Rethink wisdom: Dr Charles Boelen posed some questions around social responsibility to those attending the annual Van den Ende Memorial Lecture.
From the start of his Van den Ende Memorial Lecture on 4 October, Dr Charles Boelen made it clear that he would not answer the question posed in the title of his talk - Social Responsibility: A new paradigm of excellence?
Rather, he suggested that it is time to rethink the wisdom passed on by the likes of Hippocrates and, more importantly, the foundation for modern-day medical education laid by American educator Abraham Flexner in his 1910 showpiece, the Flexner Report. As influential as these two fathers of medical education were, perhaps it is time to question the standards they set, suggested Boelen, an international consultant in health systems and personnel, based in France.
"I think we have to revisit what they have said and written, consider the way we play our role in society, our expectations, and the challenges that we have to face as health people," he said.
Medical schools have to reflect on their social accountability, which the World Health Organisation defines as "the obligation to direct their education, research and service activities towards addressing priority health concerns of the community, region and/or nation they have a mandate to serve".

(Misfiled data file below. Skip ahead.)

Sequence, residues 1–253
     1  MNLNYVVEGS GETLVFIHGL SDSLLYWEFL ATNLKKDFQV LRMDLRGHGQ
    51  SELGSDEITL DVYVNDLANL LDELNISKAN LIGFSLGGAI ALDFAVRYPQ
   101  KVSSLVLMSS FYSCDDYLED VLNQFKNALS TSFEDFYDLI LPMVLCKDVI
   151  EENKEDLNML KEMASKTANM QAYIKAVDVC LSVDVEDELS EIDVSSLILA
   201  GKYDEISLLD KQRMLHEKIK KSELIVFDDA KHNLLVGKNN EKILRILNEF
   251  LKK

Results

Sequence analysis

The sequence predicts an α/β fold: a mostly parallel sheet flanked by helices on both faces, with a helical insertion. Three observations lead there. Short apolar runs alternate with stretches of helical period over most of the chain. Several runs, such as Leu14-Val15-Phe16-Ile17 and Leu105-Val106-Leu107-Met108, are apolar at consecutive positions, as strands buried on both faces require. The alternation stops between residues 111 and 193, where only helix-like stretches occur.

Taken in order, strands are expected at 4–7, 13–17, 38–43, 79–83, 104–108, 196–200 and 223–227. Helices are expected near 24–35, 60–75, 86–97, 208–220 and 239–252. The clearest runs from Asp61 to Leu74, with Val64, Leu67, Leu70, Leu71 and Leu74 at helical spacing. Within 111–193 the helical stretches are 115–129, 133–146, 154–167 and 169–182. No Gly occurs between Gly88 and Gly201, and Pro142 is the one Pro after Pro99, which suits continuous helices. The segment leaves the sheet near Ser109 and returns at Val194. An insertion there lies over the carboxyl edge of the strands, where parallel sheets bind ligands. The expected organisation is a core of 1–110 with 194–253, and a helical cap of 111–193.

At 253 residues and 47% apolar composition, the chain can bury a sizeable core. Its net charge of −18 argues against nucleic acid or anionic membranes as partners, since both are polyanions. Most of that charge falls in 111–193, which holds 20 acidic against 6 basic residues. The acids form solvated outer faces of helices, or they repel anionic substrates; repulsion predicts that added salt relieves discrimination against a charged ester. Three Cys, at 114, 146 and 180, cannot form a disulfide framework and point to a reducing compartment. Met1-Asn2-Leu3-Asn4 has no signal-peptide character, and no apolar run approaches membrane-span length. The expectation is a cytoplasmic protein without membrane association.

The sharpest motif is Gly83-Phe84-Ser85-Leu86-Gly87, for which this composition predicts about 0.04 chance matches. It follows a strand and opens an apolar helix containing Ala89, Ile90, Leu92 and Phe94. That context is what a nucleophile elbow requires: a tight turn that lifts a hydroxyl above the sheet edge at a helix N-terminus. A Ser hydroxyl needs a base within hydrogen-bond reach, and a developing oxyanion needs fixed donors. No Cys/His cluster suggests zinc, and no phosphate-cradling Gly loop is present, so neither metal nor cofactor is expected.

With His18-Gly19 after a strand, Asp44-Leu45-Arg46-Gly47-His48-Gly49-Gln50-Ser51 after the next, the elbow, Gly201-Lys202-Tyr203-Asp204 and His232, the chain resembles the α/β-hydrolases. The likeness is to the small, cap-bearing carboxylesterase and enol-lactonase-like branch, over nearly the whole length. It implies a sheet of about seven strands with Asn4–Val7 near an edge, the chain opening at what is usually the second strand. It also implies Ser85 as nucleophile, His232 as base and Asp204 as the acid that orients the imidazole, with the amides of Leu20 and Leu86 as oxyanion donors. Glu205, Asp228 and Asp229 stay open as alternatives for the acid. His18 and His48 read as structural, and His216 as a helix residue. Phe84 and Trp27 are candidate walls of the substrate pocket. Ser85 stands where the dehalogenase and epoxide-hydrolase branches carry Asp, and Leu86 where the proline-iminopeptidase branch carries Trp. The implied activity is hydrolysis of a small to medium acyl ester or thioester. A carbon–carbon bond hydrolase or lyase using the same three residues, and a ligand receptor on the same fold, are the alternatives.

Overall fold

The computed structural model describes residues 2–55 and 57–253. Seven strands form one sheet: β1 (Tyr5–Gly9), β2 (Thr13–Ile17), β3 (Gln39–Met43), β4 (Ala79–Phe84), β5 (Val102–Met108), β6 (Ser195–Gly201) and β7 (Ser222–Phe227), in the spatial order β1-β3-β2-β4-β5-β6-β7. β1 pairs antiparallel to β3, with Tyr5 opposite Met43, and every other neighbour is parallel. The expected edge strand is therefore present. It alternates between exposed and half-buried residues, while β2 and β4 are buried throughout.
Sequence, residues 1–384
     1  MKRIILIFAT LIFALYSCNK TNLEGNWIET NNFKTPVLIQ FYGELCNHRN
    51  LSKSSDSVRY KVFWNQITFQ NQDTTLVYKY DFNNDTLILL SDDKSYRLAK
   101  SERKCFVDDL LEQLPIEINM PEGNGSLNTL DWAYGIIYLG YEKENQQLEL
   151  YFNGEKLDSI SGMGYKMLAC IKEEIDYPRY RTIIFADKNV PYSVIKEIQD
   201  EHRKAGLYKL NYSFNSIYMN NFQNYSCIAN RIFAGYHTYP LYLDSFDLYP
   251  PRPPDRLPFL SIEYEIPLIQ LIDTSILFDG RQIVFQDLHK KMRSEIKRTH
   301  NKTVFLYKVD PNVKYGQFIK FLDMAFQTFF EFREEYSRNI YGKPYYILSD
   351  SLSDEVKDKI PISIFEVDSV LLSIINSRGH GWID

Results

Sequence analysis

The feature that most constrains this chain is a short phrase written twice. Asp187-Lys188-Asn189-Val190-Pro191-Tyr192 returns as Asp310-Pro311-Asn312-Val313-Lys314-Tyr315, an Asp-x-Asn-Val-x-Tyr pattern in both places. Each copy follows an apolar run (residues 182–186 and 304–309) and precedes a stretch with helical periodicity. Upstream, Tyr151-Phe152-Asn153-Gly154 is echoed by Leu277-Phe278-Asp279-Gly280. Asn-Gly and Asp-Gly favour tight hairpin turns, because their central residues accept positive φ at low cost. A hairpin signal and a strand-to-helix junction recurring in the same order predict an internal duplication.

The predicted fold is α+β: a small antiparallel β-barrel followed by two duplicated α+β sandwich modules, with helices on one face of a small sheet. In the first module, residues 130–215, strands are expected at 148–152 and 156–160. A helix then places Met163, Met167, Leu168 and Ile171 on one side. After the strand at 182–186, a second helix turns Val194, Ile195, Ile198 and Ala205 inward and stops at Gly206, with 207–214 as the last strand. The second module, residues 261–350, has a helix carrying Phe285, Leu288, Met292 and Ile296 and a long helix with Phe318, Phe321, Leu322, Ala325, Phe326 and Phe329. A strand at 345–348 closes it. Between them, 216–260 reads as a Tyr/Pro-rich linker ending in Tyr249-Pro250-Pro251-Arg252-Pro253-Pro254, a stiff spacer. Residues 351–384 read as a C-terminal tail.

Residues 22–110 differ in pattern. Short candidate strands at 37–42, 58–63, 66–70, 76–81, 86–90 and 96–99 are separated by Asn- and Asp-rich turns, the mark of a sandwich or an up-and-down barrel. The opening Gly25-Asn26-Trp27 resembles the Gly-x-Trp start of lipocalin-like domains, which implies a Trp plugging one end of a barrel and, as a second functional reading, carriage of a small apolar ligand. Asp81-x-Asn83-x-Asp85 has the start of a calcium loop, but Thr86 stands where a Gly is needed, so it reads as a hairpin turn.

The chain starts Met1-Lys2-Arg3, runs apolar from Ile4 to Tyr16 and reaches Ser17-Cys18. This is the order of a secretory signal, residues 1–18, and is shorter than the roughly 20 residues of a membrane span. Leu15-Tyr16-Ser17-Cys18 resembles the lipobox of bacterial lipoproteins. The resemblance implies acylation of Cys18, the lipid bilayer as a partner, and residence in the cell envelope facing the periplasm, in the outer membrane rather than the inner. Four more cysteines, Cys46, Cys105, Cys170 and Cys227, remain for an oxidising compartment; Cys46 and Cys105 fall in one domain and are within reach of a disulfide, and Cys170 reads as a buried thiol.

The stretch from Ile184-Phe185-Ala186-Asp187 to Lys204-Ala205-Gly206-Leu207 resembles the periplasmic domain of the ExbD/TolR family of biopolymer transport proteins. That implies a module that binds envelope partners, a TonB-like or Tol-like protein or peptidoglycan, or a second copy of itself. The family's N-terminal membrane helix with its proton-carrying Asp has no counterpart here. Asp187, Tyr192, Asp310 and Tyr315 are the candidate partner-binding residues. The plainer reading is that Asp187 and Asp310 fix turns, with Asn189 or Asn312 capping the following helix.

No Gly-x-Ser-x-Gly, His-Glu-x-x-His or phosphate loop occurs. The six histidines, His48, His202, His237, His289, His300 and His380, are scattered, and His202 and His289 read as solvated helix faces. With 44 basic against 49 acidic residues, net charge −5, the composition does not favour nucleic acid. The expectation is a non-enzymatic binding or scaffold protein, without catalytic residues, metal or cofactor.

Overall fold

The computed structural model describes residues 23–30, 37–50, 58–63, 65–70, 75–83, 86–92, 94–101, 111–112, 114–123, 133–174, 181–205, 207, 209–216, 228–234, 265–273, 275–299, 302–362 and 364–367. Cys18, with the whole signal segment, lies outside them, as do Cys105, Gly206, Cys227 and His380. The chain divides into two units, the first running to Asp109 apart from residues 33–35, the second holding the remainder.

And incorporating such social accountability into its curriculum in no way detracts from the quality of a school's education, said Boelen. On the contrary, tools such as the conceptualisation-production-usability model - or CPU model - ensure the quality of that education.
Bringing up a sketch, The Stone Bench in the Garden of Saint-Paul Hospital by Vincent van Gogh, Boelen encouraged health professionals to - like Van Gogh when he first found the bench at the psychiatric hospital where he had been confined - "to sit, interact with others and discuss".
The Faculty of Health Sciences hosts the annual lecture in dedication to UCT alumnus and (later) professor of bacteriology, Marinus van den Ende (1912-1957), considered one of the country's most outstanding medical scientists. As has become her custom, Van den Ende's widow, Joan, now 95, attended the lecture.
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